Some have a dislike of personas, as they are too much of a cute fit, a caricature, nothing more than stereotypes of your user base. I agree with this in some respects, personas that are not grounded in qualitative, ethnographic research are misleading and potentially damaging to a project.
If the money is not available I would recommend concentrating on user stories, scenarios that a user may find themselves when using the website and interacting with your product. For example…
The user needs to place a bid in order to secure the product for later retrieval and be informed when they are successful
These short descriptions can be brilliant at giving clarity and focus to the vision of the project at the initial development stage. They can also provide a reference point for the team as the project gathers momentum. These stories define the way the user interacts with the site, their needs and wants. They are, in effect, the small elements of concept models, the questions that are placed on the branches that stem from the user.
User stories are very easy to do, write them on a post-it and very soon you will have a stack of user insights describing their interactions with your site.
However, a good persona is invaluable for the team as they provide a reference point that can be very easily envisaged, digested and acted upon. The persona is labour intensive and for them to feel real they need to be ethnographically based though intensive research. It takes a good deal of time but once created they form a great point of reference for the team.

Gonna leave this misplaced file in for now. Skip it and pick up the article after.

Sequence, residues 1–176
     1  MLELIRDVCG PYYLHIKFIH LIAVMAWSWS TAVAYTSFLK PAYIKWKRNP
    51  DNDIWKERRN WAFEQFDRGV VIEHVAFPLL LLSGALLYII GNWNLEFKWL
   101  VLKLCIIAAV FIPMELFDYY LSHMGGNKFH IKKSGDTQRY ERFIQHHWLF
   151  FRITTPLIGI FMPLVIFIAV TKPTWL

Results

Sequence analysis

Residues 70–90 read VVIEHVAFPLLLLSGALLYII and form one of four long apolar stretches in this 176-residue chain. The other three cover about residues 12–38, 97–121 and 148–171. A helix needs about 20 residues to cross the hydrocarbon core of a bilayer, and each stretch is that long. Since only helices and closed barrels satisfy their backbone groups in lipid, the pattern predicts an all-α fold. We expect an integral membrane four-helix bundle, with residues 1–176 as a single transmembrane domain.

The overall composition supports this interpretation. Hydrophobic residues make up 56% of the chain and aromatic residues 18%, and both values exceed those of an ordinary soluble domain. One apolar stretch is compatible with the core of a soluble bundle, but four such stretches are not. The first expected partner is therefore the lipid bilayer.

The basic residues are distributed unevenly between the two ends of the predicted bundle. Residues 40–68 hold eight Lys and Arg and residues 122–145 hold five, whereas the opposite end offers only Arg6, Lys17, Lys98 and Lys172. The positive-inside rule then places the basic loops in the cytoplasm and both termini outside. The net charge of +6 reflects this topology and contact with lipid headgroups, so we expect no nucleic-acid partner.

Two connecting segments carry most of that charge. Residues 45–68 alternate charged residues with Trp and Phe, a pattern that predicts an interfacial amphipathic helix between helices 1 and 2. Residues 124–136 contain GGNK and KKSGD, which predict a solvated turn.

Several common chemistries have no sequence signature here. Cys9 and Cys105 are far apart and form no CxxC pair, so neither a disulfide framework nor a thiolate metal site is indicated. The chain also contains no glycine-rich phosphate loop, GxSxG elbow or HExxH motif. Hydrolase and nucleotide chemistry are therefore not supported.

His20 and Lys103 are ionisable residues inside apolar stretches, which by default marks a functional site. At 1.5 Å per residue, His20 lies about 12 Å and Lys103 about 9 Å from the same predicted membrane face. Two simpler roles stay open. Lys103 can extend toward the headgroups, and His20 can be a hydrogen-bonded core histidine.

The team should use them constantly and yet it is likely that they do not. A site may have been in development for a few weeks and that initial book of personas has now been pushed to the back of the designer’s desk between the iPod, the mug of coffee and the week’s timesheets. As they gather dust, the likelihood of the site speaking to the personas, and in turn the user, drifts further away.
User stories will help pull back the design team from making assumptive choices. Whilst the more thorough user experience and IA favourite of the persona can still co-exist quite happily. So if we combine the two, have an interactions checklist, a user story rundown, then perhaps the design and development team will relate more readily with these deliverables. Both have their own merits but by having the two together you have a holistic profile of your user group.
Both Steve Portigal and Peter Merholz’s sides of the persona argument have valid points. Of course personas can be bad, but a really good one is worth so much in terms of getting the product right. User stories are cheap and very effective. Having keyword research and web metrics will also give you a balanced view of exactly who the users are.
So what’s the verdict? Having them both would be best – if the budget is there. If not stick with user stories and a group of people who really know the product and the audience (preferably the customer) to get as much down on the bits of paper as possible. It will be better than a half-baked persona and that I am sure of.